Has the student debt crisis reached a tipping point? Higher education was once one of the surest paths to a well-paying job and achieving the “American Dream.” However, much has changed about a college degree in America, including the cost. Despite the rising costs of a degree, college is still regarded as one of the ideal post-high-school paths. Yet, this is a costly decision for new adults to make.
There are dozens of options that young adults have to either ease the cost of college, or build their own career, and yet student loans remain one of the most widely used forms of assistance. However, many young adults have a limited scope of what they’re really signing when they agree to a loan and get saddled with mountains of high-interest debt.
Average Student Debt
While loans can be a great way to fund a highly desired degree, and build the means to pursue an education, not all students have a full understanding of their loans. Many teens have limited experience with paying bills (if any), and don’t have the life experience to understand how it will impact their lives in four or more years. Upon graduation, many adults are experiencing mortgage-level debts. This can be a heavy burden for those who are just starting their journey into adult life.
As you can see below, the average student debt by state is only about $40,000 or less. However, more than 2.6 million borrowers have an average student debt greater than $100,000. And to top it all off, 14.4 million borrowers aged 35-49 have a staggering total of $622 billion in US student debt.
This is a significant debt obligation, and not something a student can simply work off over a summer like many used to be able to do. Many students will spend over a decade paying for school. This student debt crisis can stunt graduates’ abilities to make other important financial moves early on in life.
Based on 2021 Q3 Fed information and U.S. Dept. of Education data:
- $1.768 trillion: Total amount of US student loans.
- $968 billion: Total direct loans in forbearance. This represents 24 million borrowers (up from 2.4 million in 2019).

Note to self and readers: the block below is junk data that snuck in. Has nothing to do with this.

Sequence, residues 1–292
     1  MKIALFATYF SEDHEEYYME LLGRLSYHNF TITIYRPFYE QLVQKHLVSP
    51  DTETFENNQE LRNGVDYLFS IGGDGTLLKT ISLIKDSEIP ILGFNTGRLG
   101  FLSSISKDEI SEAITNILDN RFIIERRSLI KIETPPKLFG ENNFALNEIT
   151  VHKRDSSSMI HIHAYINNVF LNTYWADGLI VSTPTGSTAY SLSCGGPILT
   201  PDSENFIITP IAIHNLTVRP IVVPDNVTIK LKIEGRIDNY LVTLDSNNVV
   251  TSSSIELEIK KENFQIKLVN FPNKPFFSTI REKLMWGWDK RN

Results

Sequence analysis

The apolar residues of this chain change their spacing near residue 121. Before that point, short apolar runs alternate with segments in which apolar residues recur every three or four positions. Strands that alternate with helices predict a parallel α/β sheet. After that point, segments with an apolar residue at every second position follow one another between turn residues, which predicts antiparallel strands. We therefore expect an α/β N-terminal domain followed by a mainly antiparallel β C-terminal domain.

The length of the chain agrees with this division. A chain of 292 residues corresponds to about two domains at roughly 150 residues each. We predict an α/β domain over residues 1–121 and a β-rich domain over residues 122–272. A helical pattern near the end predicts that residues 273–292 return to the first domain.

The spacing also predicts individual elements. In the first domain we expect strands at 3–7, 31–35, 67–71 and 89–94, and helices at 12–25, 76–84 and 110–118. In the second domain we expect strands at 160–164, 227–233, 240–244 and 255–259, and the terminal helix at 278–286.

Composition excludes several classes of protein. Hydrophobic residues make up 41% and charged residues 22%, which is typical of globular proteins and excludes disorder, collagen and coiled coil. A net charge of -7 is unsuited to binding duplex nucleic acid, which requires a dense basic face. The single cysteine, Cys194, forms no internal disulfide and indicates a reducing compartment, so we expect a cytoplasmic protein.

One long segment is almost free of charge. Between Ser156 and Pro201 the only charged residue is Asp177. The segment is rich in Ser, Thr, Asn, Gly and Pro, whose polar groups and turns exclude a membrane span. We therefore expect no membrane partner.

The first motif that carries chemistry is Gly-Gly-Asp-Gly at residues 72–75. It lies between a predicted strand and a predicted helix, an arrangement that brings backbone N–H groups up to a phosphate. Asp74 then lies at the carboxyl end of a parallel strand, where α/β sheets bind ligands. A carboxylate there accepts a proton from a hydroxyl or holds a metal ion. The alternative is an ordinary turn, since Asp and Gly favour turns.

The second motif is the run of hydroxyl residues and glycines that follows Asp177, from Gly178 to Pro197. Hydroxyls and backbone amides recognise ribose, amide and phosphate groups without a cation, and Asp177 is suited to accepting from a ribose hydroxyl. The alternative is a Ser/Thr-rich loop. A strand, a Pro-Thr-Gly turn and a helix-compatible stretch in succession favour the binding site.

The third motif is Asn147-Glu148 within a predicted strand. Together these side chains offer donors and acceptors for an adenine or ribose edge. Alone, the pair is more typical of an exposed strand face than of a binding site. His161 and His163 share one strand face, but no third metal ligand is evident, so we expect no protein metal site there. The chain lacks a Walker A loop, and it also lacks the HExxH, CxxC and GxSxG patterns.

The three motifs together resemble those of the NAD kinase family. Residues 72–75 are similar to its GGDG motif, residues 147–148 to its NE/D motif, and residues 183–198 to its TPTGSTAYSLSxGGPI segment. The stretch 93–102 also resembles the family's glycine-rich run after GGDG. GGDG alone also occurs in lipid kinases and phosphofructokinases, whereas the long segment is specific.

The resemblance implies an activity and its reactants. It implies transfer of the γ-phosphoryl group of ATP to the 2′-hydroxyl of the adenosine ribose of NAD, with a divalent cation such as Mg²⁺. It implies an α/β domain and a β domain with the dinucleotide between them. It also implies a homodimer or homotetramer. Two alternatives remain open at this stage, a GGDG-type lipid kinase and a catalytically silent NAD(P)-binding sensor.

- $112 billion: Value of the direct loans that have defaulted. This represents 5.1 million borrowers.
- 43.4 million: Total number of US student loan borrowers.
- $40,329: Average student loan balance.
- $460: Average monthly payment for student loans.
Student Debt Forgiveness
Rising college costs will continue to rise, which means debt obligations will only continue to go up. Finaid acknowledges borrowing is now almost inevitable. “Few students can afford to pay for college without some form of education financing.”
Although college may possibly improve one’s lifetime earnings, student loan indebtedness can present greater financial dilemmas. These unique financial obligations and their negative financial impact can last a lifetime. Of the $1.7 trillion in total debt, 92% is money owed to the federal government. What’s additionally concerning is every 26-seconds, a student defers on their loans.
Source: Credit Summit
Most student loan debt is secure debt through the federal government. It’s almost impossible to erase it even with a bankruptcy filing (there are ways to reduce it, which we’ll explore further below). As College Scholarships remarks about student debt forgiveness on its website: “Student loans are rarely forgiven since they are guaranteed government funds dispersed with low interest to all kinds of people with no credit history. You don’t expect the IRS to forgive you on all taxes that are owed, so expect the same treatment with your student loan.”
Regular Payments Don’t Always Amount to Much